The Craft Behind The "Ronqueo"

As soon as you see a bluefin tuna, you realize that it is a special fish. Its size is impressive, the color of its flesh is a deep red (more like the color of beef than fish). Seeing how it is dismantled is an experience and an art. This show is called ronqueo. The name comes from the curious sound that the knife makes when touching the backbone of the fish, a sound very similar to a snore.



The ronqueo is done manually and has a lot of ritual, it takes time to learn to do it correctly since you have to be very methodical and skilled with the knife. Clean and straight cuts are sought to make the most of the meat that can be extracted from tuna. The bluefin tuna is one of the jewels of gastronomy and as in everything that is appreciated, appearances and details are important. Doing it wrong means that the snoring pieces are not as appetizing and could be rejected by the customer.

In JC Mackintosh we let the tuna rest in slush pools between 24 and 36 hours, depending on the size of the tuna, before snoring it so that its temperature falls between 2ºC and 5ºC in the backbone to avoid the rigidity of the meat. Then we cut his tail, fins and head. Once done the preliminaries we went to the ronqueo. The variety of cuts is very wide, through this process the noble parts and internal parts of the bluefin tuna are separated.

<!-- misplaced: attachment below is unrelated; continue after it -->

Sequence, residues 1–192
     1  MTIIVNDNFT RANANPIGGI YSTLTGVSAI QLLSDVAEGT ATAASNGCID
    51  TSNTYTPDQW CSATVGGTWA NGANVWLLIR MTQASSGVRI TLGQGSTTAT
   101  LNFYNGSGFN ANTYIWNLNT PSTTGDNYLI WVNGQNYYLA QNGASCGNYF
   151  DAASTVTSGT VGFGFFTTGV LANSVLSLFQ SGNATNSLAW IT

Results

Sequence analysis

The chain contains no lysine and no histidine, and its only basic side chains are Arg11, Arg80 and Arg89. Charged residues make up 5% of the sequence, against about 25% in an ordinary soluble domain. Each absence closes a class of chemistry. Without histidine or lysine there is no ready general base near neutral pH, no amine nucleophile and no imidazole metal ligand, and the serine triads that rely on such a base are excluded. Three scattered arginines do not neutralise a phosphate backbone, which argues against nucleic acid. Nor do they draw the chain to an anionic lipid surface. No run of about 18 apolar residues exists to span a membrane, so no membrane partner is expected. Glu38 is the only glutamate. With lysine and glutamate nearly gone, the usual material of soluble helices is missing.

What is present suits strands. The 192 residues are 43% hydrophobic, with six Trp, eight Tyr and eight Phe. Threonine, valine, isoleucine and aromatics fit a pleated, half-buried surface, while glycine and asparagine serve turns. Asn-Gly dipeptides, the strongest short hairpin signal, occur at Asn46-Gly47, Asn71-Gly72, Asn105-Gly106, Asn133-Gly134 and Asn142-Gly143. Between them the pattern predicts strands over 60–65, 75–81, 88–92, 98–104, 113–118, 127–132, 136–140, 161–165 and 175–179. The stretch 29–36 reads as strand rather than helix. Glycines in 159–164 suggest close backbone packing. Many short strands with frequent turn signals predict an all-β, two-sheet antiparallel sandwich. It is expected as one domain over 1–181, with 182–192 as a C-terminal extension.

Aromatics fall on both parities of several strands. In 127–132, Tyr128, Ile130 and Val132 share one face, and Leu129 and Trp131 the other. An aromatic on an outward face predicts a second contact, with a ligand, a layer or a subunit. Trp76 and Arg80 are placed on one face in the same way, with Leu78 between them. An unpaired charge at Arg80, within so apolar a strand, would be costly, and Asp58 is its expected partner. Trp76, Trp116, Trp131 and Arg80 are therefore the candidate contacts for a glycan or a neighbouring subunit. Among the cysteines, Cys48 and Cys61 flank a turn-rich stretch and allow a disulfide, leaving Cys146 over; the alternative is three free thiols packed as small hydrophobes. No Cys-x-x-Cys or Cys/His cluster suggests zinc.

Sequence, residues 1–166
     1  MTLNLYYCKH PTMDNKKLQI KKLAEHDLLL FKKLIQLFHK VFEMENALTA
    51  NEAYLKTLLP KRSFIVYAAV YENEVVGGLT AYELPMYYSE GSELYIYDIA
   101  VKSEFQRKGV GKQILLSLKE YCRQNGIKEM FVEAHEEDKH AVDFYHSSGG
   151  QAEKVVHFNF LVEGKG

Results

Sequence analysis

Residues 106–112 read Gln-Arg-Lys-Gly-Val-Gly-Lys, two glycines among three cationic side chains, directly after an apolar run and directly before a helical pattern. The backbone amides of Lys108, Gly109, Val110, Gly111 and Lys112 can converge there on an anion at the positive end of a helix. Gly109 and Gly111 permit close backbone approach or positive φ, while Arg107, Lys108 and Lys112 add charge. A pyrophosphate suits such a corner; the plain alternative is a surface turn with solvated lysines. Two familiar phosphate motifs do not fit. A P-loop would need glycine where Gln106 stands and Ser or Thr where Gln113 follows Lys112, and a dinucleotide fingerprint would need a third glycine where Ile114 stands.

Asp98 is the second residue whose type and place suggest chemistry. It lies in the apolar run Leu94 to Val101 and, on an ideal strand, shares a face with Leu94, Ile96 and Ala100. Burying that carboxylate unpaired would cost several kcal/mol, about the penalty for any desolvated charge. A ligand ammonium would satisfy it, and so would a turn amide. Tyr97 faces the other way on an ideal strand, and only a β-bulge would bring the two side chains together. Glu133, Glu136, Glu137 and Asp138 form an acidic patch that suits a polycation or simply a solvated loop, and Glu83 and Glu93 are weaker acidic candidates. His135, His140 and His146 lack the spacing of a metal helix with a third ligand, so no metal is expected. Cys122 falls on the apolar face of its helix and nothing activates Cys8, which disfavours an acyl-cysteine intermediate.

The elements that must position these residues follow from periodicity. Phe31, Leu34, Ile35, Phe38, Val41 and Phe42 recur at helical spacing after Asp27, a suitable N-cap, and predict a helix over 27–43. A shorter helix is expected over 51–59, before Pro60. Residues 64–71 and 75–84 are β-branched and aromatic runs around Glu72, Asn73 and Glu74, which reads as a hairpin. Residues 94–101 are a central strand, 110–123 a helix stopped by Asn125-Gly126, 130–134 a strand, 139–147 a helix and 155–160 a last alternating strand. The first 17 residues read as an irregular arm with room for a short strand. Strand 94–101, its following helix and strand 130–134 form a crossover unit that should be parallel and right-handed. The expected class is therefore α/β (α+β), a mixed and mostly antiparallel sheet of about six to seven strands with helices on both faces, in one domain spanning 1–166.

Noble parts are composed of:

Sirloin: Top of the loin and with less fat content.
Loin: Wide and clean piece of fat.
Black tail: Top back part of the tuna.
White tail: Lower back part.
Tarantelo: Triangular piece stuck to the stomach low towards the tail of the tuna. It is one of the best parts. It is used for stews as well as for sashimi or tataki. It's halfway between lean and fat.
Ventresca: It is the most fat part of the tuna.


Internal parts are:

Facera: It is the cheek of the tuna.
Mormo: It is the final tip of the spine that is inserted in the head. One of the most appreciated parts of bluefin tuna.
Morrillo: About the mormos and is very fat and appreciated, also known as cogote.
Parpatana: Bone that joins the head with the rest of the body. The meat that remains between the bones due to its high fat content is very appreciated.
Roe: The tuna ova (each female has two sacks of roe).
Liver: It is usually consumed grilled.

The remains of meat that remain attached to the spine are removed with a spoon and that give place to what is perhaps the most succulent snack of the animal: the crumbs.
 


 

Ronqueo Atu n Rojo
Ronqueo Atu n Rojo
Ronqueo Atu n Rojo
Ronqueo Atu n Rojo
Ronqueo Atu n Rojo
Ronqueo Atu n Rojo
Ronqueo Atu n Rojo
Ronqueo Atu n Rojo
Ronqueo Atu n Rojo
Ronqueo Atu n Rojo

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